Historical Markers
Cyrus H.K. Curtis (1850–1933) Historical Marker
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Cyrus H.K. Curtis (1850–1933)


Marker Location:
1250 W Church Rd., Wyncote (SR73)

Dedication Date:
November 7, 2005

Behind the Marker

Black and white photograph of a man seated holding a newspaper.
Philadelphia magazine publisher Cyrus H. K. Curtis, circa 1900.
There are two kinds of men who never amount to much," Cyrus Curtis liked to say, "those who cannot do what they are told and those who can do nothing else." En route to building one of the nation's most innovative periodical empires, Curtis clearly found the happy medium. Indeed, his Curtis Publishing Company was so savvy in its early twentieth century heyday that its two leading magazines—The Saturday Evening Post and Ladies' Home Journal—raked in some forty cents of every dollar spent on magazine advertising in the country. These magazines were not just commercial successes, either; they published some of the most important writers of the times and changed the way the magazine business operated. When he died, in 1933, Curtis was considered not just a giant in his industry but a true icon of American business.
Exterior, black and white, includes Curtis Publishing Company at left, tower of Independence Hall in right foreground.
Curtis Publishing Company Building (on left), and Pubic Ledger Building, Sixth...
Cyrus Hermann Kotzschmar Curtis was born in 1850 in Portland, Maine, and grew up modestly, at best. "My father and mother had all they could do to keep the wheels going around without letting the neighbors know there was no oil with which to lubricate them," he later admitted. So, it came as no surprise, then, that his mother refused to underwrite his yen for Fourth of July fireworks when he was twelve. With 3 cents in his pocket, Curtis bought the last three papers from the neighborhood newsboy and quickly turned a 9-cent profit. He bought his fireworks. More importantly, the next morning, he signed up for a paper route of his own.
Within a year, he saved enough to buy a small printing press and began to publish and sell his own newspaper, which did quite well until fire consumed his operation in 1866. For the next several years, he worked as clerk and salesman in Boston but could not shake the residue of ink in his veins, and in 1869 returned to selling newspaper advertising. Three years later, with barely enough capital to get started, he had his own paper again.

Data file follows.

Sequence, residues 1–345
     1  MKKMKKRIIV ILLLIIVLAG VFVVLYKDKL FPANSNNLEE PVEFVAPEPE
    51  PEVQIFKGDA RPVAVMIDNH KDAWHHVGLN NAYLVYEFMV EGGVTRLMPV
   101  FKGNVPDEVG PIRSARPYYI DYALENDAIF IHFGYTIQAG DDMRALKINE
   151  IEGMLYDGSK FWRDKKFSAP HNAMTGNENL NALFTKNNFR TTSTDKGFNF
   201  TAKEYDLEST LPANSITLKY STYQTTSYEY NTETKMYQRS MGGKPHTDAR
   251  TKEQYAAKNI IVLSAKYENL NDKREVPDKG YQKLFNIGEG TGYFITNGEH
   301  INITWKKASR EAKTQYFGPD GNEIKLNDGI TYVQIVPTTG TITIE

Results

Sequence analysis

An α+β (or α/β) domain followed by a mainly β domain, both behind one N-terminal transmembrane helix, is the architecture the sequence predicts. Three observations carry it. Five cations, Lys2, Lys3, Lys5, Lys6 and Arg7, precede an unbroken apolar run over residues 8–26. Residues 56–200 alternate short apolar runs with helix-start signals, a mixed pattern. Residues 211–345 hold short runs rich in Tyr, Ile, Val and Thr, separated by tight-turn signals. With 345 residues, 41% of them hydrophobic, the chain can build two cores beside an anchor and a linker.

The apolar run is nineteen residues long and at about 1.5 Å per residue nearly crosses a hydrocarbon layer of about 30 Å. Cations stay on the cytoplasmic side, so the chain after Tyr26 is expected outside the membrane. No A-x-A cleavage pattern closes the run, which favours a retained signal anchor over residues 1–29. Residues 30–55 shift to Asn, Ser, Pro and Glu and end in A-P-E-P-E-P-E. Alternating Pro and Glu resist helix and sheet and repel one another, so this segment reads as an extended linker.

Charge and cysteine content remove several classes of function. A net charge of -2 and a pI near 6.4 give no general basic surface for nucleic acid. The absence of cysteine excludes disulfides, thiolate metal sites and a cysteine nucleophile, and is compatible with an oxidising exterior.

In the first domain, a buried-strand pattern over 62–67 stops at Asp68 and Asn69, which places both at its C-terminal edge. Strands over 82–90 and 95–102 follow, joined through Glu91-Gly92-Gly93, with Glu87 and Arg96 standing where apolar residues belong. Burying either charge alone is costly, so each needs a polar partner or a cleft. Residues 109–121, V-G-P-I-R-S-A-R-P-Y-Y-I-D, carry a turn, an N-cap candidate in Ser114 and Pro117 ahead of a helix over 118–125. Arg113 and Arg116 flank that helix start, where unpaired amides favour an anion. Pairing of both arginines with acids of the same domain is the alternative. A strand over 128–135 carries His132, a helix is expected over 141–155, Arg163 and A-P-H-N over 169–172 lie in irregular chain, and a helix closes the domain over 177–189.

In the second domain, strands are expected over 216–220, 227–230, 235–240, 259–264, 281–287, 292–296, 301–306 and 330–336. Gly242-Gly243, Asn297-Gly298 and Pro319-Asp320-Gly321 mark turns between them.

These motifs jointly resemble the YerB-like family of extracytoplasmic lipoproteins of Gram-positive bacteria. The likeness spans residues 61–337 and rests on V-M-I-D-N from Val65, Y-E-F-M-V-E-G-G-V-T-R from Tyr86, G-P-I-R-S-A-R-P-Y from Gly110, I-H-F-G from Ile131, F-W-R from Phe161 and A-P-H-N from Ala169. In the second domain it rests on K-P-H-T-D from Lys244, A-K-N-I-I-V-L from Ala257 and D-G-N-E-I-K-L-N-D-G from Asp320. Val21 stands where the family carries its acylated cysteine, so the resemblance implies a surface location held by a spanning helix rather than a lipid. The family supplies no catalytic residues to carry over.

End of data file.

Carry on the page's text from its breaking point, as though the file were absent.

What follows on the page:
More than 100,000 pieces of Favrile glass created into a beautiful garden scene.
The Dream Garden, by Maxfield Parrish and Louise Comfort Tiffany, Curtis Center,...
Curtis built the People’s Ledger, a weekly, around the reprint of long narratives—either fiction or nonfiction—that had been popular decades before. The Ledger did well for six years, until rising printing costs ate up his profits. So, as markerBenjamin Franklin had done more than a century earlier, Curtis moved to Philadelphia.
From the time of Franklin into the mid-1800s, Philadelphia had been the publishing center of Britain’s North American colonies and then the United States. Here, in the decades before the Civil War, it was home to the nation’s best-selling magazines for women and men: Godey’s Lady’s Book and Grahams.  When Curtis moved to the city, it had lost that lead to New York, but was still thriving. There, in 1879, Curtis and a partner founded the Tribune and Farmer, a new publication primarily devoted to agriculture.  To boost the paper’s circulation, Curtis inserted a one-page supplement he thought would appeal to women. Curtis’s wife, Louise Knapp, hated it, deeming it a laughable attempt by men to come up with useful advice for homemakers. So Curtis challenged her to run it herself. 
Head and shoulders
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Ladies Home Journal editor Edward Bok, circa 1921.
Together they made publishing history. Louise immediately replaced the clipped materials he had been running with her own originals. Within a few months, her column became a page, and soon the page evolved into its own supplement under her editorship. The supplement proved so successful that Curtis sold his interest in Tribune and Farmer. His new Ladies' Home Journal hit the streets in December 1883.  Circulation jumped to 25,000 within a year, and it became the first magazine to reach a million subscribers by 1900. By the time Curtis died in 1933, circulation had reached more than 2.5 million. Despite its title, the Journal also appealed to male readers; during World War I, it was the third most popular magazine among American servicemen overseas.
On the back of the Journal, Curtis built an empire. In 1891, he founded Curtis Publishing. Seven years later, he bought the foundering Saturday Evening Post, the successor of the Pennsylvania Gazette begun in 1728 and published by Benjamin Franklin, for a mere $1,000, and turned the bland weekly, on the brink of collapse, into a popular periodical with high quality writing and illustrations. Circulation reached one million in less than a decade, and eventually jumped to nearly three million. In 1911, he added the old farm magazine, Country Gentleman, to his stable, and turned it into the second most popular agricultural magazine in the country.